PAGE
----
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The Short Version: The quarter-life crisis is a real phenomenon, but it’s less understood than a mid-life crisis. So many women find themselves confused and unfulfilled with life in their early 20s, and they need support they often can’t get from friends. Millennial women can receive the guidance they need to move forward in their careers, relationships, and lives through Blush, an online coaching group. Blush helps women establish goals and provides them with the healthy encouragement they women need to find their paths.
I remember my quarter-life crisis, although I don’t think the term existed at the time. At age 25, I was working a great job as an environmental reporter at a newspaper in South Florida, in a stable relationship, and living less than 10 minutes from an uncrowded beach. I owned a house with a swimming pool, a car that didn’t break down frequently, and had two cats. I even had a large group of friends. But, still, I was unhappy.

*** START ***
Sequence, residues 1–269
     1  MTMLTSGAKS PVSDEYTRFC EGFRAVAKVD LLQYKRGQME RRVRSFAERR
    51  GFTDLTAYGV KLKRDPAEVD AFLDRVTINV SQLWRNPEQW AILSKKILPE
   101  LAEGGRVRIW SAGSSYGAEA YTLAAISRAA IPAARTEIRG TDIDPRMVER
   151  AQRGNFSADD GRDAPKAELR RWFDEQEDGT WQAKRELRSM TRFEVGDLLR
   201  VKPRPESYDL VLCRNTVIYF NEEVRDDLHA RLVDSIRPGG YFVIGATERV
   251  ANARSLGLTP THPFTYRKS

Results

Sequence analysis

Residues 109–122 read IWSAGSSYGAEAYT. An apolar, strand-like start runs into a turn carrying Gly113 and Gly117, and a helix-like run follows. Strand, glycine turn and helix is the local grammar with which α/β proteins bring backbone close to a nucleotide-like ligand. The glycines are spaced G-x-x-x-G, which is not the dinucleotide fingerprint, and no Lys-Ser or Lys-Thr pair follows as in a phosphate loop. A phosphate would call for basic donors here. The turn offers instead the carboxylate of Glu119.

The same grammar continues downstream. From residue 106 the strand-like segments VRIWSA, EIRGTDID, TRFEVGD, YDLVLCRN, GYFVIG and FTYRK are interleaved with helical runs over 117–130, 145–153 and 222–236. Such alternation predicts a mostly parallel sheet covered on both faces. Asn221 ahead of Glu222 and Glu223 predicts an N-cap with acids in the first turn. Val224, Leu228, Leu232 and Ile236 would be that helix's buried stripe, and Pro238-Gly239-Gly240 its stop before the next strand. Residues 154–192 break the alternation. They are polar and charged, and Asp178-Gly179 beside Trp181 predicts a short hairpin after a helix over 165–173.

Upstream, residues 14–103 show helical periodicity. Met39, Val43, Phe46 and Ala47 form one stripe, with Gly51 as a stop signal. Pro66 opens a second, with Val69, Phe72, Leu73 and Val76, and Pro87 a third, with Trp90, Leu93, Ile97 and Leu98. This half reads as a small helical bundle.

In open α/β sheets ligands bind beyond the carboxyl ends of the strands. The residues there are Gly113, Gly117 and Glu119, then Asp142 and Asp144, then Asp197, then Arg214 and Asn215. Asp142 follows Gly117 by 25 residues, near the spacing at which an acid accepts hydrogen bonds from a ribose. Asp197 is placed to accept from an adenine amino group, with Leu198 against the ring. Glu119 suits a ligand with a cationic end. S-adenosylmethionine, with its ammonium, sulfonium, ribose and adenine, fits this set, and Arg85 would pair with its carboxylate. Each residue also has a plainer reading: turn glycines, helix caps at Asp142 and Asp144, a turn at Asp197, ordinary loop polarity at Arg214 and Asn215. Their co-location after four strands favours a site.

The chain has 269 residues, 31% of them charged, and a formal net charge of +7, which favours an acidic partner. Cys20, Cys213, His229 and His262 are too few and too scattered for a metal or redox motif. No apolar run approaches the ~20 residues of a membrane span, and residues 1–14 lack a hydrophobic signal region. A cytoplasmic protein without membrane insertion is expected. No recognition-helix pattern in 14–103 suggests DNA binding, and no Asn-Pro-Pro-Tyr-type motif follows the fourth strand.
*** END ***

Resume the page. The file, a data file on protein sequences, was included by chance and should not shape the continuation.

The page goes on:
So, what was the problem?
I felt like I wasn’t fully living my life — and that was hard to express to others. On paper, my life was fantastic, but, in my heart, I knew things needed to change. I was growing up and beginning to understand that the decisions I was making didn’t define who I was.
I followed my heart, and, within two years, I had left my relationship, sold my house, quit my job, and started making new friends.
Now that I’m on the other side of that period of my life, I can look back and smile. I now work for myself, travel the world with only what fits on my back, and enjoy the healthiest dating experiences of my life. I feel great, and I genuinely love myself. When I was in my early 20s, that seemed like a long way away.
I’m certainly not the only one who has experienced a quarter-life crisis, but the problem is that most women don’t know where to turn when doubt begins to creep into the choices they make in life. You could turn to a therapist, but sometimes it’s difficult to find one who’s affordable and — most importantly — relatable.
Blush is an online coaching community designed to help millennial women find trained professionals who can offer practical guidance to work through their emotions with trained professionals.